• Porphyria is the name for a group of rare conditions that involve a molecule called ‘heme’ or ‘haem’.
  • Heme contains iron and is used in metabolic processes throughout the body.
  • Porphyria occurs when the body cannot convert compounds called ‘porphyrins’ into heme.
  • Porphyria can affect the skin, nervous system, gastrointestinal system or all of these, depending on the specific type. 
  • Currently, there is no cure, but medical treatment and lifestyle changes can usually manage the symptoms.

Porphyria is the umbrella term for a group of rare conditions that involve a molecule called ‘heme’ or ‘haem’. Heme contains iron and is used in metabolic processes throughout the body. Porphyria occurs when the body cannot convert compounds called ‘porphyrins’ into heme.

While all tissues have heme, those that use it the most are the red blood cells, liver and bone marrow. Porphyria can affect the skin, nervous system and gastrointestinal system.

More women than men are affected by porphyria. 

In most cases, a combination of genetic and environmental factors trigger porphyria symptoms. There is no cure for porphyria, but by avoiding triggers, development of symptoms of porphyria can be prevented. Treatments are available to manage the symptoms.

Symptoms of porphyria

Symptoms vary from one type of porphyria to the next. Cases are generally classified into one of three groups, which include:

  • acute porphyrias – this condition mostly affects the nervous system. The skin is occasionally affected. Acute porphyrias generally occur during adulthood and are rare before puberty or after menopause. Different types of acute porphyria include ‘acute intermittent porphyria’ and ‘erythropoietic protoporphyria’. Symptoms of acute porphyrias may include:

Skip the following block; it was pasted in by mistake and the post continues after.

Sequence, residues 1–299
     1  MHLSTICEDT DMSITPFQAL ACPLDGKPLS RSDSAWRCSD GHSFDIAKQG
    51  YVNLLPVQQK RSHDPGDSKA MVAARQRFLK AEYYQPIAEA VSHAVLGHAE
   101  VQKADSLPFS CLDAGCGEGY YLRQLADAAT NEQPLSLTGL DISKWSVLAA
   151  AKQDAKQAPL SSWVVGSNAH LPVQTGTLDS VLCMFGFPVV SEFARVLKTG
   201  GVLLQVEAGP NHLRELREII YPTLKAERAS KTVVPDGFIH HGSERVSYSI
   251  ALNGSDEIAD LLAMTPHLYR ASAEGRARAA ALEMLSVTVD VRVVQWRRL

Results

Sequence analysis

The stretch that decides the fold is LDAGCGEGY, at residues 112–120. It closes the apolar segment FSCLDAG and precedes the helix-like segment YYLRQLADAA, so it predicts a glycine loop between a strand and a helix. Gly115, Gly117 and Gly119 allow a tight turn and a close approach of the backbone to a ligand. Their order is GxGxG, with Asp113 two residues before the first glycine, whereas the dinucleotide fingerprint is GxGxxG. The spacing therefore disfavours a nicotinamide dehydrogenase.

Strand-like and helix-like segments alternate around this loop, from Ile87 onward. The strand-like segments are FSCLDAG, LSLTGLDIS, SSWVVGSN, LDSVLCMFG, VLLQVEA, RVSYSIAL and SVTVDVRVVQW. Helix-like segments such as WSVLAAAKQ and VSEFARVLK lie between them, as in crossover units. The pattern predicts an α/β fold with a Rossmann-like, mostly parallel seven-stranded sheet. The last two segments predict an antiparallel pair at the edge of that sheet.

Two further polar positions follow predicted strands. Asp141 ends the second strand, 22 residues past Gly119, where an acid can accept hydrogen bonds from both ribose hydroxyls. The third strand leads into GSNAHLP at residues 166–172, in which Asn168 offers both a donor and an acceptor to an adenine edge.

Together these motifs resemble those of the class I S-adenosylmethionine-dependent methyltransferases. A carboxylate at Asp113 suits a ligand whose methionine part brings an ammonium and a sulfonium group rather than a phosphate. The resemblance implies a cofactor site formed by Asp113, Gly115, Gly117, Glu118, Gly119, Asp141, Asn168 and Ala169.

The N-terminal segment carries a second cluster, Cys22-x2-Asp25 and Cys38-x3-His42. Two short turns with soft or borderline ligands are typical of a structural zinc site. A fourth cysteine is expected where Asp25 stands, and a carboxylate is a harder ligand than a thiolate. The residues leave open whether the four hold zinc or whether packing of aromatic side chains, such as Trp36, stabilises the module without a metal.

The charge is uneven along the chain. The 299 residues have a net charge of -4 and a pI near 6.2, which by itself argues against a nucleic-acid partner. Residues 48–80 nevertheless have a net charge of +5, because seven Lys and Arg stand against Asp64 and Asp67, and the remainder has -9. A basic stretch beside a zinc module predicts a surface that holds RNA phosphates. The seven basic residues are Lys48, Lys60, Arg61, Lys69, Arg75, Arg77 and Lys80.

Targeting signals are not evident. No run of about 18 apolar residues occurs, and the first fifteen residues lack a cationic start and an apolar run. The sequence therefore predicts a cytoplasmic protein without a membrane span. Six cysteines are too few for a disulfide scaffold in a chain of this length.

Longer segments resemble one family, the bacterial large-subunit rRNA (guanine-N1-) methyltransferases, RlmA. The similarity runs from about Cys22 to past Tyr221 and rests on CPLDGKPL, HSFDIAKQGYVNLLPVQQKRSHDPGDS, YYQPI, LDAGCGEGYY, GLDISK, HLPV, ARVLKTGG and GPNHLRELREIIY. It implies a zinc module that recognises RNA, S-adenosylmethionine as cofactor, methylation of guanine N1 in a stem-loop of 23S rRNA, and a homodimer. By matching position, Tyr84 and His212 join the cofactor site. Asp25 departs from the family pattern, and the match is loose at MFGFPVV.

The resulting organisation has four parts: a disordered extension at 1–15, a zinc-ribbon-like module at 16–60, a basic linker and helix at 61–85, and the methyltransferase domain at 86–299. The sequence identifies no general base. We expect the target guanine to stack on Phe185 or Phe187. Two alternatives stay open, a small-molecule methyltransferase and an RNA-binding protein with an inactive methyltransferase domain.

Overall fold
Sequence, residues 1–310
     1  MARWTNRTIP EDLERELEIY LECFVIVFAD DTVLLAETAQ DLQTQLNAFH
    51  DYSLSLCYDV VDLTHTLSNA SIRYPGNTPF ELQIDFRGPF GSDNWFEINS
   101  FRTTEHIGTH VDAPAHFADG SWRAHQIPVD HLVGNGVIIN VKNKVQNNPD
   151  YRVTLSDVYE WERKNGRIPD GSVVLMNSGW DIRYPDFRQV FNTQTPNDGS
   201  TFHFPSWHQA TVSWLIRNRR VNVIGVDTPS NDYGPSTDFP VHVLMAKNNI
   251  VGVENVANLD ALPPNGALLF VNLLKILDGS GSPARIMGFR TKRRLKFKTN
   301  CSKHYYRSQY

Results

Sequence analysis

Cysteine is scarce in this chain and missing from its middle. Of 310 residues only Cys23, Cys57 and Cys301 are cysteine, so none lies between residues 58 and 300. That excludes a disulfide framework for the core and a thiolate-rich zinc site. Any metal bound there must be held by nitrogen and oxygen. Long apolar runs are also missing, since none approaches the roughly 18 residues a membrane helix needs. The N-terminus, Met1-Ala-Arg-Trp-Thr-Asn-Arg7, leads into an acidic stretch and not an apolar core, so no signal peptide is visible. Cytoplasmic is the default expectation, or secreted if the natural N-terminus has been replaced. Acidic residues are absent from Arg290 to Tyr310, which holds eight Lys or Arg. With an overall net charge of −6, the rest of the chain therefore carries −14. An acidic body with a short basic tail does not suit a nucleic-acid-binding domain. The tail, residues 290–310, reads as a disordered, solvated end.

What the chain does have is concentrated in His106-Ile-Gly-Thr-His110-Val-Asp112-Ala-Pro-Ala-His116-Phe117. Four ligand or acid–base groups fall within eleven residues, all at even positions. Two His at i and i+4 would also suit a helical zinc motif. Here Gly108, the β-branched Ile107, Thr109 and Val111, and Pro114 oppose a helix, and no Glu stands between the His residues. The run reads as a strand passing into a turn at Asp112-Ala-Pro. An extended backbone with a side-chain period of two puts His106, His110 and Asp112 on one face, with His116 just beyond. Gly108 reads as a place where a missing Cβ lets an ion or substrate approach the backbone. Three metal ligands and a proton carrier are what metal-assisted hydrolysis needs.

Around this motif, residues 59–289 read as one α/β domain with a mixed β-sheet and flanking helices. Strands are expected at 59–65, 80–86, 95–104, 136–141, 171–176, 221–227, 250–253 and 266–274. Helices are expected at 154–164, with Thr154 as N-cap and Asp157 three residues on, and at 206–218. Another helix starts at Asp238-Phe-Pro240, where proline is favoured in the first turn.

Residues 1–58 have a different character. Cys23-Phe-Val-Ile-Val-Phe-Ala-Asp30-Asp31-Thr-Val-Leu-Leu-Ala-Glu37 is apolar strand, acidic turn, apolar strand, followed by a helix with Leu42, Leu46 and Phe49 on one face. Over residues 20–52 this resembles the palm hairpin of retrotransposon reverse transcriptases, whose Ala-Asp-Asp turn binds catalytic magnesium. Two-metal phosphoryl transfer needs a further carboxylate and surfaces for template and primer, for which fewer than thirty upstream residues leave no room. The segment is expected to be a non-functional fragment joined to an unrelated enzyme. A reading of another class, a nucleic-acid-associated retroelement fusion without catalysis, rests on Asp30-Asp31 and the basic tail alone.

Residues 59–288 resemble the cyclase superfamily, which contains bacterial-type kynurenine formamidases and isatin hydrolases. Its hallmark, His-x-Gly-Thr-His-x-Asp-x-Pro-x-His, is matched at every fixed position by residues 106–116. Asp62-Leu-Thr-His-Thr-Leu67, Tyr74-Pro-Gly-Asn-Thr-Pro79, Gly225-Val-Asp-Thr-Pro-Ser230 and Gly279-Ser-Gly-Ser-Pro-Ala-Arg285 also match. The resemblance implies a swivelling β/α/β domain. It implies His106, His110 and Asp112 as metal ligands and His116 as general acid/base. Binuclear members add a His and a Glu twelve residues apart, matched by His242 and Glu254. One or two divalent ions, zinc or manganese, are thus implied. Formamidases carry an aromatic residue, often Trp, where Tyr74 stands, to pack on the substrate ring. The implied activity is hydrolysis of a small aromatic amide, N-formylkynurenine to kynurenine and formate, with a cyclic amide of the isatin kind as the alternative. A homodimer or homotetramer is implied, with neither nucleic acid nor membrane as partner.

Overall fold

• muscle pain or paralysis
    • seizures
    • disorientation
    • hallucination
    • bloody (red) urine
    • hypertension 
    • gastrointestinal problems such as vomiting, abdominal pain and constipation
  • cutaneous porphyrias – this condition affects the skin but not the nervous system. The skin is highly sensitive to sunlight and exposure tends to trigger symptoms within minutes. Cutaneous porphyrias may develop during childhood. Different types of cutaneous porphyria include ‘porphyria cutanea tarda’ and ‘hepatoerythropoietic porphyria’. Symptoms may include:
    • red, itchy, blistered, painful and swollen skin 
    • bloody (red) urine
  • neurocutaneous porphyrias – this condition affects both the skin and the nervous system. Sunlight exposure tends to rapidly trigger symptoms. Different types of neurocutaneous porphyria include ‘variegate porphyria’ and ‘hereditary coproporphyria’.

What causes porphyria